Cytarabine: Cytarabine, 4-amino-1-/-arabinofuranosyl-2(1#)pyrimidone (220.127.116.11), is made from 1-/i-D-arabinofuranosyluracil by preliminary acylation of the hydroxyl group, forming a triacetyl derivative (18.104.22.168), and subsequent replacement of the carbonyl group at position 4 of the pyrimidine ring with a thiocarbonyl group using phosphorous pentachloride, and finally replacing the mercapto group of 22.214.171.124 with an amino group using ammonia and simultaneous hydrolysis of the acetyl-substituted groups, giving cytarabine (126.96.36.199) [34-38].
Cytarabine, like the drugs described above, also acts by inhibiting synthesis of pyrimidines and thus DNA in cells.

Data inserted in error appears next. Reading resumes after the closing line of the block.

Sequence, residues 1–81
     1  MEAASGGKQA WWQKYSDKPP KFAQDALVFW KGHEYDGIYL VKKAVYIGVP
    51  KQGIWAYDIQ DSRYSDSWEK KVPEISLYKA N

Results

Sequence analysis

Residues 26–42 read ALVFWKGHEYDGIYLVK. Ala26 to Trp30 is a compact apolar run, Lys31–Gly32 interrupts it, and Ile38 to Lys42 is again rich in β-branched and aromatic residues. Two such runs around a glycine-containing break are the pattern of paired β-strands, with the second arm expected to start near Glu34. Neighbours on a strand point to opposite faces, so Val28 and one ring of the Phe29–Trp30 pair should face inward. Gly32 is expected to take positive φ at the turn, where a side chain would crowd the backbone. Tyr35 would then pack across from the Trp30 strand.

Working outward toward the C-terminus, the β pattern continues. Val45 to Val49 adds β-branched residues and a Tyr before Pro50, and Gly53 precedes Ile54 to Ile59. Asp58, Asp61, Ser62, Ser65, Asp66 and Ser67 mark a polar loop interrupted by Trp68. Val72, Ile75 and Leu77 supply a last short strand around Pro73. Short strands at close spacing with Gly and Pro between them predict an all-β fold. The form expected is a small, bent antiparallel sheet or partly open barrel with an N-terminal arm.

Cytarabine is an effective antimetabolite in treating leukemia. Like other pyrimidine antimetabolites, cytarabine must be "activated" by initially transforming into the corresponding nucleotide. The active form of the drug is cytarabine triphosphate. Cytarabine is used for all types of leukemia. Synonyms of this drug are cytosine, arabinoside, and ara-C.
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